Fintech is reaching a new level of maturity, and it is showing in the money backing it.
The technology movement that promised to displace — or at least challenge — the norms of banking is moving beyond the garage stage and is being taken seriously, but investors are getting choosier, too.
The $2.5 billion in venture capital investments in the second quarter were nearly half of what they were in the first quarter and a year earlier, according to a report issued Wednesday by KPMG and CB Insights titled "The Pulse of Fintech."
Here are a few takeaways from the report, along with commentary from leaders in the sector.
Given the strong first quarter, 2016 is still on track to top the $14.6 billion raised last year. Yet CB Insights and KPMG say the second-quarter drop is a mix of macroeconomic issues and sector-specific growing pains.
"Given global market uncertainties associated with the U.K. Brexit vote and its initial impact, the approaching U.S. presidential election, ongoing concerns about valuations and significant headwinds in the marketplace lending space, it was not surprising to see VC investors taking a pause, particularly from making significant fintech mega-deals," wrote the leaders of the KPMG fintech practice leaders in the report.
Additionally, others say that although venture capital investors remain fixated on fintech, they are tightening their standards. "VC has become more realistic about what to expect from startups, it seems," said Manuel Silva, a partner at Santander InnoVentures. "Investment goes to companies that share a similar vision, understand how to execute on their business plan and manage resources adequately,"
Matt Wong, a senior analyst at CB Insights, agreed.
"We are definitely seeing venture capital paying closer attention to plans. There is more scrutiny," Wong said.
Wong also noted that a lack of exit avenues — such as initial public offerings or acquisitions — might be clogging the system. Essentially, VCs might be waiting to read the tea leaves on a major cash-out.
The Suits Save the Day
While venture capital investments are down, the share of the pie coming from corporate venture capital sources, such as those funded by banks, increased to the highest point since CB Insights began tracking such corporate investments, Wong said.
From the second quarter of 2015 through the first quarter of this year, the money coming from corporates was less than 25% of the total. In the second quarter of this year, that figure increased to almost a third.
Both supply and demand could be fueling that, observers say. More banks are funneling money to fintech as they look for potential strategic advantages. For instance, Santander recently added $100 million to the fund it began in 2014.
"There is more money available from corporate VCs," Silva said. "Firms that might find less receptiveness with traditional VC funds are also appreciating more what corporate VCs bring to the table."
With 11 fintech investments between the second quarter of last year and this year, Goldman Sachs is the most active bank investor. Santander and Citigroup follow with seven investments each.
David Sica, a principal at Nyca Partners, the third-most-active venture capital firm globally according to the KPMG/CB Insights study, says the increased involvement from corporate investors speaks to the evolution of fintech.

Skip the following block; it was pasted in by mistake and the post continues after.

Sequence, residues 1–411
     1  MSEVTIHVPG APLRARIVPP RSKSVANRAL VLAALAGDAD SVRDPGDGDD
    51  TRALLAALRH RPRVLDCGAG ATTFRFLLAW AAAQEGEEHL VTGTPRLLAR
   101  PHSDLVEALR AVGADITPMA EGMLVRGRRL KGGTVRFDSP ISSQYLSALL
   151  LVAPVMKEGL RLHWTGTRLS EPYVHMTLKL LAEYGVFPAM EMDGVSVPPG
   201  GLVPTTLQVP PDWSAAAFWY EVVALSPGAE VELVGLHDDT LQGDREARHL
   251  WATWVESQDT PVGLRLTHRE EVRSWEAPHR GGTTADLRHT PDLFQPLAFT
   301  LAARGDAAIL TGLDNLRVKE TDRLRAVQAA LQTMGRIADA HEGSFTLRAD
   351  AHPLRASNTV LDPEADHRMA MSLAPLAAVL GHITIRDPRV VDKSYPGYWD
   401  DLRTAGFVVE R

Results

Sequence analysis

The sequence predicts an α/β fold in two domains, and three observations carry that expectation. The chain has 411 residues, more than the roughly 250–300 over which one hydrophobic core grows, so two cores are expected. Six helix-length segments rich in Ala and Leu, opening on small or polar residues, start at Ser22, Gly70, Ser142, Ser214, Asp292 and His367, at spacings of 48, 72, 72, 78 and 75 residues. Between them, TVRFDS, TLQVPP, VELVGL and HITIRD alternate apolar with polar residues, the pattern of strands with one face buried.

"Two years ago the dialogue was very much about bank replacements," Sica said. "For bitcoin, robos, marketplace lenders it was about 'the new place you're going to bank,' 'the replacement,' 'the-bank-killer.' Now the market is interested in newer types of products [and] how they can partner with banks to deliver that. You're also seeing a very different attitude from the banking side. They're paying attention, knowledgeable about areas, allocating to make venture investments with the intent of partnering and building products with these new companies."
Fat in the Middle
It is tough out there for new entrants. The study found that seed capital deals as a percentage of the total deals hit a five-quarter low with 29%. In previous quarters, it had ranged from 32% to 35%.
Silva said that decline likely related to the increased focus on "companies that are more proven."
"In fintech, 'proven' doesn't just mean the ability to generate revenue," he said. "It also means understanding the unique challenges of the financial services industry: understanding sales cycles, having the right processes, or having a sound regulatory strategy. Industry experience matters."
The flip side of that, Wong said, is that more investors are eyeing early-stage companies. For instance, he noted that the microinvesting platform Stash announced Wednesday it had raised $9.25 million in series A funding, about six months after it announced $3 million in seed funding. Both rounds were led by Goodwater Capital, Valar Ventures and Entrée Capital.
"It shows that certain early-stage fintech companies still have the ability to raise capital relatively quickly," Wong said.
Sica said that early-stage interest is still strong because there are entrepreneurs and investors eyeing the space. But later-stage investments are increasingly prevalent because "these themes have played out," he said.
"We know who's going to be around in a few years and we know who's not," Sica said. "The way I personally view it is you'll have a few big brands created out of this fintech boom. They'll be the exception to the rule. The majority of the others will find partnerships with financial institutions or insurance companies."